Old-fashioned journalism practices still beat technology
Reporters are a dying breed.
Not really news, but from time to time I like to read articles on professions that are growing and which are declining.
Because I have kids in college, it particularly interests me.
Graphic design is a growing profession.
My daughter, her boyfriend and my son are all studying graphic design — even though my daughter will go on to veterinary tech school after graduation next year.
By 2020, this article states, there will be 37,300 possible new jobs in graphic design, an increase of 13 percent from 2010-20.
Over the same period of time, there will be 4,000 fewer reporting jobs, a drop of 8 percent.
Reporters are no longer reporters in the sense that Clark Kent and Lois Lane were reporters.
In those not-too-hard-to-believe days, reporters grabbed a notebook and a pen and went out to cover a story. A photographer went along and snapped pictures.
Readers waited until the next day to read and see what happened.
Once upon a time, nobody minded waiting for the newspaper to hit the doorstep.
There was radio and there was television, but newspapers were a valuable, trusted part of most homes.
Headlines screamed "Titanic Sinks 4 Hours After Hitting Iceberg," "VE Day-It's All Over," "The First Footstep" and "Beatle John Lennon Slain."
Then, as it tends to do, the world changed.
Computers entered the workforce and then our homes.
Soon we could talk to one another wherever we were. We were no longer tied to a phone cord in our home or business.
Soon we were communicating by typing out messages on our phones.
Facebook brought the world to our home computers, and we could make "friends" with complete strangers we would never see in person.
The evolution will never stop.
Computers became part of our home furnishings; something we would no more live without than we would our refrigerators or microwaves.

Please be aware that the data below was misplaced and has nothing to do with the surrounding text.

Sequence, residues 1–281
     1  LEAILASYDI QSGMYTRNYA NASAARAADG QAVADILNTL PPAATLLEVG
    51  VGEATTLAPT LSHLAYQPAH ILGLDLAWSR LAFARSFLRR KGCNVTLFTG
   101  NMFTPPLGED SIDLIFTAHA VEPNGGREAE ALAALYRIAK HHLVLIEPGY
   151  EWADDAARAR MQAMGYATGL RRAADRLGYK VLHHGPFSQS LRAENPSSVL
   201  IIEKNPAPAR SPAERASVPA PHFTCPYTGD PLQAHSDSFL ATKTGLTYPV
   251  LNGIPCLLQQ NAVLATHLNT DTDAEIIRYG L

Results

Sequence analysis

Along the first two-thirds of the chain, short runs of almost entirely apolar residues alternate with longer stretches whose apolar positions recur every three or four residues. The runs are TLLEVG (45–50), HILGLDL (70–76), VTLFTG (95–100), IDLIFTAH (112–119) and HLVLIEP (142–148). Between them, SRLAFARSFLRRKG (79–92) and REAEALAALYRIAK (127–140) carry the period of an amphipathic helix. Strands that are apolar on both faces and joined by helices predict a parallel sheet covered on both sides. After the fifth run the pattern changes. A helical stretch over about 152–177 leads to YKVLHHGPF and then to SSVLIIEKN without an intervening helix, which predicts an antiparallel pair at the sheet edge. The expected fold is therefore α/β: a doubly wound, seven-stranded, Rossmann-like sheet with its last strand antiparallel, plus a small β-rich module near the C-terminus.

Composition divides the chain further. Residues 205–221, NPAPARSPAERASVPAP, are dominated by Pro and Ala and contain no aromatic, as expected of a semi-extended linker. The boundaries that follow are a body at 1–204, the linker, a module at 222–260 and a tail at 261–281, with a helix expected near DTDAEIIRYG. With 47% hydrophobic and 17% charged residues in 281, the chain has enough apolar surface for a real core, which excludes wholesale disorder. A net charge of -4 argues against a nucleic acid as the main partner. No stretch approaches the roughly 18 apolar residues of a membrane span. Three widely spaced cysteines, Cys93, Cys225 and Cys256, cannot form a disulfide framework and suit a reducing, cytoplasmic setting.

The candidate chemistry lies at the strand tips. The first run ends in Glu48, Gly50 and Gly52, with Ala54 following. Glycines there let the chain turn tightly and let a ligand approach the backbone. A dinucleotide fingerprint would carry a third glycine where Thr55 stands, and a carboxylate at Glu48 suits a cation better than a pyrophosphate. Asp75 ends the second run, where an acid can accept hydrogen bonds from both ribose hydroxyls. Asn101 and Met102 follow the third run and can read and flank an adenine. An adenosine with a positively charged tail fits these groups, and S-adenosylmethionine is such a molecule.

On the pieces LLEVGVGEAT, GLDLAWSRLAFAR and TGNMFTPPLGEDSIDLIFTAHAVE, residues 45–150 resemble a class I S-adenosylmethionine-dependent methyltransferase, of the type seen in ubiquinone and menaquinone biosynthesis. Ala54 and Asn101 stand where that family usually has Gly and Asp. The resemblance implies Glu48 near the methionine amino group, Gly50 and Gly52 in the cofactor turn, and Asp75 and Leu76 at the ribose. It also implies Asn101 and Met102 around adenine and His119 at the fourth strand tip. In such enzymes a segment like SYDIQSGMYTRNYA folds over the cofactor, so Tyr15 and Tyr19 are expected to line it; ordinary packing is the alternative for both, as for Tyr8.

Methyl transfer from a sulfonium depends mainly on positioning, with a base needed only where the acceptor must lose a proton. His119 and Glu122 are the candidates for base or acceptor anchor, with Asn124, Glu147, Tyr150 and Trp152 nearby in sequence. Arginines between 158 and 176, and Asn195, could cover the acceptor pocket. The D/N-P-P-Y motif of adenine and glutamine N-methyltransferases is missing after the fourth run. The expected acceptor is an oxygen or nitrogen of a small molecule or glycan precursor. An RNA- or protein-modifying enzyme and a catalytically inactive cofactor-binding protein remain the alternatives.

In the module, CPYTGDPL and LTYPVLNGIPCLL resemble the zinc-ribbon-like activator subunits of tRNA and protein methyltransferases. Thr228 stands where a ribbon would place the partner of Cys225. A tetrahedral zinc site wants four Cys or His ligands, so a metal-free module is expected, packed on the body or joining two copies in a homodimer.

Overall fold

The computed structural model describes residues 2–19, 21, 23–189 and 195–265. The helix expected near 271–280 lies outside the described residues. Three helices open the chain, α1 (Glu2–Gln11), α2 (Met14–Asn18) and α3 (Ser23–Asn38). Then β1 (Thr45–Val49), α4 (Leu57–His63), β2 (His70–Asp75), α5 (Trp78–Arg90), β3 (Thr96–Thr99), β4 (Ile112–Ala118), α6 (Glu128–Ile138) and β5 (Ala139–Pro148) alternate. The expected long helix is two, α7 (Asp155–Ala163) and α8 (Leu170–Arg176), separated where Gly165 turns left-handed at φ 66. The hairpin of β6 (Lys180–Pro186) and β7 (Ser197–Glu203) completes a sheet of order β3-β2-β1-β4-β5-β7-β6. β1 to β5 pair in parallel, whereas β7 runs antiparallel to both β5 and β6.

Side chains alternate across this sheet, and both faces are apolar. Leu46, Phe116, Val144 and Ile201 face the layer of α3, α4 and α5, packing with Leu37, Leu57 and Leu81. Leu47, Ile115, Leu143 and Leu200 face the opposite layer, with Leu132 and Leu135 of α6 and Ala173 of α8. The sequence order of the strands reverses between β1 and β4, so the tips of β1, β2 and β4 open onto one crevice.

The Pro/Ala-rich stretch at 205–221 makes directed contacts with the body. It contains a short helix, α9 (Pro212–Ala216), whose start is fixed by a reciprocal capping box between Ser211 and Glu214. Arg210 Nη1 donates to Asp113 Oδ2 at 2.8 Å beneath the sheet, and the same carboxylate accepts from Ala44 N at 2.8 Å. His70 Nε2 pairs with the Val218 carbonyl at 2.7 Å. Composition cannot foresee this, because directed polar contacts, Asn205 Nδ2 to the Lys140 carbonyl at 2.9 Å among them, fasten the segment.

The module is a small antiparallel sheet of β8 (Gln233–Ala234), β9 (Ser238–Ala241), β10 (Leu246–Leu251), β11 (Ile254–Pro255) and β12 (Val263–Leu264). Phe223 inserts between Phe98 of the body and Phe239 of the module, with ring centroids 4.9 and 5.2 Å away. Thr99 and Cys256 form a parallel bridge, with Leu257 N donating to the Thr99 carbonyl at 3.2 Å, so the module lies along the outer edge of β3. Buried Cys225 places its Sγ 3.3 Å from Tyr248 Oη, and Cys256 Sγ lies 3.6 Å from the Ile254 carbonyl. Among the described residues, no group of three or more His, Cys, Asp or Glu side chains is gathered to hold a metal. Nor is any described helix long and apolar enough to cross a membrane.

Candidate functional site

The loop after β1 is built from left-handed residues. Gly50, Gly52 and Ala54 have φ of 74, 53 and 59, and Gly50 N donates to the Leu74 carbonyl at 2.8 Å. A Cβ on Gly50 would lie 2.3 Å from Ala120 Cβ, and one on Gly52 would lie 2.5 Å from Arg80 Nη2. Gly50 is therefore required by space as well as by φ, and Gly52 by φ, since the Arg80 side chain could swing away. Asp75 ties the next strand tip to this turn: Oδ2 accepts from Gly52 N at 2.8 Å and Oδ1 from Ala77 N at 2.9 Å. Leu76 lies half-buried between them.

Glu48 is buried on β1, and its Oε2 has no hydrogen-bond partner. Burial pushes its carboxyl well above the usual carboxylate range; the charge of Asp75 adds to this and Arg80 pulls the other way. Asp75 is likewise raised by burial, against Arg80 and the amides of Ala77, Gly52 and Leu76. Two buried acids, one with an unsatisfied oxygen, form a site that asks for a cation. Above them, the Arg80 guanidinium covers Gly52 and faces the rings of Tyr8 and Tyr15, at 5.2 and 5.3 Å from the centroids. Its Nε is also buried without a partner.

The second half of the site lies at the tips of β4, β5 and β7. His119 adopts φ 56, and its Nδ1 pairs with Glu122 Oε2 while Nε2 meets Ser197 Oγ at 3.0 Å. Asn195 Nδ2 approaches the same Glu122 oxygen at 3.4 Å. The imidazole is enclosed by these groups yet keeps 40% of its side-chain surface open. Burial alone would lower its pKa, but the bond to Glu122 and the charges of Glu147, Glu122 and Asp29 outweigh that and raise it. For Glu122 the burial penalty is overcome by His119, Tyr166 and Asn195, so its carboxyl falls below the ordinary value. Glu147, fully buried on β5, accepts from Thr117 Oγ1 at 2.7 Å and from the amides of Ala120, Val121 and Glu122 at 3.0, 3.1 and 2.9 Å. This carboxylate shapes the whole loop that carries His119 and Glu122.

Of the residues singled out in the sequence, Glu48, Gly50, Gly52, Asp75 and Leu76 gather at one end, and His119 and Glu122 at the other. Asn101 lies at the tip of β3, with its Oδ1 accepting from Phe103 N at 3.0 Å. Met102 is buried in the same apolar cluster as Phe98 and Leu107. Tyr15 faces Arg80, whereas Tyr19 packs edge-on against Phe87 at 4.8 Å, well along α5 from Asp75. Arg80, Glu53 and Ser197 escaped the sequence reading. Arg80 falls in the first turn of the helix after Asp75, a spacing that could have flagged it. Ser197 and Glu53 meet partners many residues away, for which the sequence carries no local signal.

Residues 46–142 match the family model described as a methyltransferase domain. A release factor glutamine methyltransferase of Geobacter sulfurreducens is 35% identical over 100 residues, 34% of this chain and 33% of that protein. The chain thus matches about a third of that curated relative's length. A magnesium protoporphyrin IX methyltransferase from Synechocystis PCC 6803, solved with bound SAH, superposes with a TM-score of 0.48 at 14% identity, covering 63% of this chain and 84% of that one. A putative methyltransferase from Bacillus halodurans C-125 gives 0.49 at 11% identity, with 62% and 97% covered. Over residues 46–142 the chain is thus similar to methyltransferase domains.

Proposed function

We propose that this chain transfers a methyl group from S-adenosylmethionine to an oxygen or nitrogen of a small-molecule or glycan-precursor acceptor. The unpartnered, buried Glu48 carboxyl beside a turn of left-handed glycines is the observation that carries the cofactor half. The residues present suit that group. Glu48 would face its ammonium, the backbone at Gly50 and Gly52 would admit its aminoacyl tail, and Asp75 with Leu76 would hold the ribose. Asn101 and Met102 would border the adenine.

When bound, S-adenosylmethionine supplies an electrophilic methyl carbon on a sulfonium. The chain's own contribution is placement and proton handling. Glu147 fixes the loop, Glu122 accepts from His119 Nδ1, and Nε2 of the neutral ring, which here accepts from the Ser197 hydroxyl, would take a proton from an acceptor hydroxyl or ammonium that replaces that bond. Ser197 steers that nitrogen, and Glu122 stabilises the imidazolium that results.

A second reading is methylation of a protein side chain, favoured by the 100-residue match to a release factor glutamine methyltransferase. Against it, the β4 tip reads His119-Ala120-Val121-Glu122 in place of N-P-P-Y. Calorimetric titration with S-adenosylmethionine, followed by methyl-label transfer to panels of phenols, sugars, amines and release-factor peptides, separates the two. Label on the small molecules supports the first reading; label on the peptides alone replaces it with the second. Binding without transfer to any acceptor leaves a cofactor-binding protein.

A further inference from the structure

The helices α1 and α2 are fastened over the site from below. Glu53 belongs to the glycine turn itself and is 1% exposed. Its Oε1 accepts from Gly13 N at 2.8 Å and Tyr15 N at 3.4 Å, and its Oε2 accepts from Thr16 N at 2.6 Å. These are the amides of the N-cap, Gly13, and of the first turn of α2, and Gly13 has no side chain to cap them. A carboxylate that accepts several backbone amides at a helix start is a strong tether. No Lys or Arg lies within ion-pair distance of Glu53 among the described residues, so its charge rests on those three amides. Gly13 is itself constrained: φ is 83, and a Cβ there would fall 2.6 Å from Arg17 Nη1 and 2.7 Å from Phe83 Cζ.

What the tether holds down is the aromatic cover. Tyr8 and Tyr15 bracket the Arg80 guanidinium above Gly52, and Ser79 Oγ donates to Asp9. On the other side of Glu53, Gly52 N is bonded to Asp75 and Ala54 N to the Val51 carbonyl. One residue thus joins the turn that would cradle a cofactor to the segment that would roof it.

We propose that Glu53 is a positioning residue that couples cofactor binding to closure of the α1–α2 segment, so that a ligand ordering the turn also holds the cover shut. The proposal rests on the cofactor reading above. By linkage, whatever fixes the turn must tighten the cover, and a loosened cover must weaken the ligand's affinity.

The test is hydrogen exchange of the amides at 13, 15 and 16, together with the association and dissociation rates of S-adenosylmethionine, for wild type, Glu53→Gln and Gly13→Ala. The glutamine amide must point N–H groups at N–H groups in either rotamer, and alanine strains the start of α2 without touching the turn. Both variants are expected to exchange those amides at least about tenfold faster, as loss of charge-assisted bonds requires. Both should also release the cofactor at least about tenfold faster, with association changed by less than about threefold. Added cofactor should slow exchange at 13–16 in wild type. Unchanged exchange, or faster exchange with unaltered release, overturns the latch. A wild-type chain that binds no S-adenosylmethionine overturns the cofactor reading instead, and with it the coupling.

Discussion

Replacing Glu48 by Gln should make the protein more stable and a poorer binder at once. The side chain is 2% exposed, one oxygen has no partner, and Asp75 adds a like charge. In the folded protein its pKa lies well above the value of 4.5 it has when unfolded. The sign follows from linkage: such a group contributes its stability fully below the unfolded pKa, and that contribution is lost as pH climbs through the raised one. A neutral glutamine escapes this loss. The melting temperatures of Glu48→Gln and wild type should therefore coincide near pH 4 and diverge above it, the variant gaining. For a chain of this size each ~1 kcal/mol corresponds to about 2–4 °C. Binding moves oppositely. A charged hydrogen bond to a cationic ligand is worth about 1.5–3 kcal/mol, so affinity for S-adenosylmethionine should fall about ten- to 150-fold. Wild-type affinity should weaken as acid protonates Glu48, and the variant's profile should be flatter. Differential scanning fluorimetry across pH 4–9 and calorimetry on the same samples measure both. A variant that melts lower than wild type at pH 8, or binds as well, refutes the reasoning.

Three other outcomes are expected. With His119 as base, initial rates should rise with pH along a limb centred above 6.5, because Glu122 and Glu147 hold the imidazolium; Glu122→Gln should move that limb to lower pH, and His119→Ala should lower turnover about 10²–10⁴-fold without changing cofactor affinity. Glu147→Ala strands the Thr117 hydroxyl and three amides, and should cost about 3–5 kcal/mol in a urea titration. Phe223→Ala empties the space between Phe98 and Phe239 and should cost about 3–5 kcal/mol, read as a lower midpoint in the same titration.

Newspapers may have been slow to the party, but the industry recognizes that a nation that wants fast food, certainly wants fast news.
When people see a fire truck race down the block, they know that in minutes the local newspaper will have information posted to its Web site, complete with photos and video.
That is why reporters who just write are a dying breed.
When I was in college, I learned to report and write and take photos. I learned to navigate in a darkroom with rolls of film and solution to make the images come alive. If I missed a shot, there was no going back.
Journalism students leaving college today are well versed in social media, and photographers are becoming videographers.
But the more things change, the more they stay the same.
I have stuck a toe into the technology pool, but mostly for my own personal use.
There is no Humphrey Democrat website, and for the foreseeable future that won't change. I cannot see a time when that will change, but then again no one knows what the future will hold. Maybe there will be a need for it some day.
For now, I like seeing people coming out of the post office, Humphrey Democrat in hand.
Technology has changed everything and has made our lives easier. But for me, seeing your product in the hands of readers beats looking at a spreadsheet showing the number of "hits" your website has received.
Nothing beats human interaction, not even a computer.
Patrick Murphy, of Humphrey, Neb., is a former assistant managing editor of The Telegram.